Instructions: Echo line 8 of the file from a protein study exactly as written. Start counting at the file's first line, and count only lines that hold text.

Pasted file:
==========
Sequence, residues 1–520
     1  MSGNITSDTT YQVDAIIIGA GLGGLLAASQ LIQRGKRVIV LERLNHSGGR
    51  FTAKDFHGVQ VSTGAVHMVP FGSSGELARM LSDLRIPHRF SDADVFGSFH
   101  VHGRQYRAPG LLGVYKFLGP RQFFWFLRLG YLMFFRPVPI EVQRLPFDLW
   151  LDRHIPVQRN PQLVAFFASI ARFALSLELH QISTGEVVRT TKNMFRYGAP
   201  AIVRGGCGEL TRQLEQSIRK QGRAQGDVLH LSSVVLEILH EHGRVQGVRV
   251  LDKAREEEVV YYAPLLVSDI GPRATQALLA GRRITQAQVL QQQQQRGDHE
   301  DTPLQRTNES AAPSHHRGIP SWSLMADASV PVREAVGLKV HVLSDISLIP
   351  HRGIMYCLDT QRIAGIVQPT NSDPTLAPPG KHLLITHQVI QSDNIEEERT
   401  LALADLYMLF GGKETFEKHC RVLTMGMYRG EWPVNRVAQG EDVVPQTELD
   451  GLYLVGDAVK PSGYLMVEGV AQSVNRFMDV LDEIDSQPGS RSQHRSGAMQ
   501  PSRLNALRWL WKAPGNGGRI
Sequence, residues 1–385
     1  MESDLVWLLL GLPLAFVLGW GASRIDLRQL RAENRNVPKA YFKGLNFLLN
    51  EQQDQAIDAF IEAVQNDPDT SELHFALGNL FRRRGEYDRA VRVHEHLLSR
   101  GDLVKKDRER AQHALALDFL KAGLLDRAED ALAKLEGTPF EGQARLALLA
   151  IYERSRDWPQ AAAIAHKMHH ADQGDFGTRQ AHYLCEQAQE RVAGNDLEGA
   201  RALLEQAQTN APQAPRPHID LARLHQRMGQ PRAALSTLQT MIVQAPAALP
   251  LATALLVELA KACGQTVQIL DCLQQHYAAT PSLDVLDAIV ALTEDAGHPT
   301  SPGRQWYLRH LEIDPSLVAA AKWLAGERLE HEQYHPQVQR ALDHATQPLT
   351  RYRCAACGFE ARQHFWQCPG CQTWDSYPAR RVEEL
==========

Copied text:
   301  DTPLQRTNES AAPSHHRGIP SWSLMADASV PVREAVGLKV HVLSDISLIP